THE only concrete trend to emerge out of a big flurry of store cattle trading in the past week is uncertainty.
While store prices had been tracking fairly consistently, bidding bounced around last week to the extent there was some significant differences recorded, even between sales on the same day.
The dearer prices at Yea last week, compared with the flatter Euroa sale held a few hours later, were a case in point.
The question it begs is why? And are there just simple drivers at work such as freight differences between venues, wavering farmer confidence in the season and the outlook for beef prices.
Or is it something bigger, such as a shift in supply and demand and the need for a bit more reality in regards to the price of weaners compared to end returns for feedlot and export cattle?
There was a bold statement made in the mountains last week at Omeo, by a big player in the southern beef market, that what the industry is starting to seeing is a re-alignment of values that will continue as the breeding herd grows.
"This sale is cheaper than a year ago, and next year will be cheaper too, because the breeding cattle cycle is changing and all those expensive heifers that people have been buying are starting to come on-line (and produce calves for sale)," he said.
It might seem like a big statement, but the latest figures confirm how quickly the Australian cattle herd is growing.
Last week, ABARES released its latest female cattle slaughter figures, which show how the trend of lower cow kills has continued this year, with the February cow kill lower than a year ago. In the year (to February) the female cattle kill in Queensland declined 159,000 head compared with the previous year, while NSW was down 72,000 head; WA 80,000 head and Victoria 65,000 head.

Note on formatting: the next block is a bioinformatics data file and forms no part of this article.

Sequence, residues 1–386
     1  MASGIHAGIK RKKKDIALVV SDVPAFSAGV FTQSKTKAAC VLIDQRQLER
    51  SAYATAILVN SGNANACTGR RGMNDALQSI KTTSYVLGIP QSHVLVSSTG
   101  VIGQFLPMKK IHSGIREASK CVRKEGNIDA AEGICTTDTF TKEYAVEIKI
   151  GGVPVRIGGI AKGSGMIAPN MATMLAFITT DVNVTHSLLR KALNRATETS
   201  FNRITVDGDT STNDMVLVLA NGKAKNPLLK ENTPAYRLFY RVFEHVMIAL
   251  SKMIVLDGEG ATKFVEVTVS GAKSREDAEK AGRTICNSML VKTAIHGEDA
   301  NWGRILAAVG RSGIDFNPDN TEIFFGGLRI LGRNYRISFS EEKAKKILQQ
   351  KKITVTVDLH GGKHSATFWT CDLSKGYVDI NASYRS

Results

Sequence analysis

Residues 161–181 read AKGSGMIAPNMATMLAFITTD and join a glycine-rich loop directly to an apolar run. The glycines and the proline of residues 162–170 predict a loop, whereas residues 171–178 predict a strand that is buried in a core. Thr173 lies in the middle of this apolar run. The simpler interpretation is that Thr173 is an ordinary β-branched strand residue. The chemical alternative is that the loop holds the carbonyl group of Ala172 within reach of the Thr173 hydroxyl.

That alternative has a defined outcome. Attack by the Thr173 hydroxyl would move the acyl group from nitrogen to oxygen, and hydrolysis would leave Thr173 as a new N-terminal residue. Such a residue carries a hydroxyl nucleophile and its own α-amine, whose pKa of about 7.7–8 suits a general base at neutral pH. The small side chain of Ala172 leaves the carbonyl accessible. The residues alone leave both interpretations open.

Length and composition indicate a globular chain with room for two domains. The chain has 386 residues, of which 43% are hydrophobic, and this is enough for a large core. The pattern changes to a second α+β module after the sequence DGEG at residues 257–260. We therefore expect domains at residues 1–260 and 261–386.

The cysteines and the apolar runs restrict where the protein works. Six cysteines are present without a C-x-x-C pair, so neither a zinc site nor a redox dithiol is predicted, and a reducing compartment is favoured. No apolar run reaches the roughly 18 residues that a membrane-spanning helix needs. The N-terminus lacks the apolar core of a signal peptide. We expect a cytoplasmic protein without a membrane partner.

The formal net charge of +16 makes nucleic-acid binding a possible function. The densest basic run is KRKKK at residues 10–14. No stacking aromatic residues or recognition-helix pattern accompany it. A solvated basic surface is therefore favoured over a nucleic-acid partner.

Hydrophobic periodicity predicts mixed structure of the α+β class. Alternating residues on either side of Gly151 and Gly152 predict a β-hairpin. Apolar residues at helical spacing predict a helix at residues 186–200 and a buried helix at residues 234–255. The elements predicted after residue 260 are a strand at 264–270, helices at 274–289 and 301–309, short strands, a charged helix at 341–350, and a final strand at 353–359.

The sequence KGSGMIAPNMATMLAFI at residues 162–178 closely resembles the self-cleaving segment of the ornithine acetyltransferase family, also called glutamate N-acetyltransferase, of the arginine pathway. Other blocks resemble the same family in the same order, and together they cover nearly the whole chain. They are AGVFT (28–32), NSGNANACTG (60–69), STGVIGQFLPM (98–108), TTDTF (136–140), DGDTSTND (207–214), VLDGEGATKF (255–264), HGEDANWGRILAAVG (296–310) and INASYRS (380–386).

Market analysts with Meat and Livestock Australia said it was further evidence that the industry was on track to have a 30 million-head cattle herd by this June - up 4.1per cent.
"The retention of breeding stock over the past two years and an improvement in branding rates across the country has underpinned MLA's forecast herd growth over the next few years, with overall cattle numbers expected to increase 4.1 per cent to June 2012," it said last week.
More than 40,000 store cattle were advertised for sale across the eastern states last week, and the increased supply seemed to have an impact on prices by dispersing buyers and cancelling out northern orders as NSW and Queensland buyers shopped closer to home. The return to more "buyable" prices was a talking point at last week's calf sales at Omeo, Ensay and Benambra after bidding for the top calves was more subdued than anticipated, with most buyers appearing unwilling to cross the $800-a-head mark.
Gippsland agent Rohan McRae, Elders Korumburra, said the air of confidence that saw restockers chase store weaners to record prices last year no longer existed.
"Last year was the one of the first good seasons we'd experienced for a while and the market was driven by grass and the expectation of what the beef job might do," he said.
"Now the figures are coming back in and there is not as much in it as people had hoped, as you just can't seem to get much more than $1100 to $1200 for a bullock and that is the reality which you have to work to when buying cattle."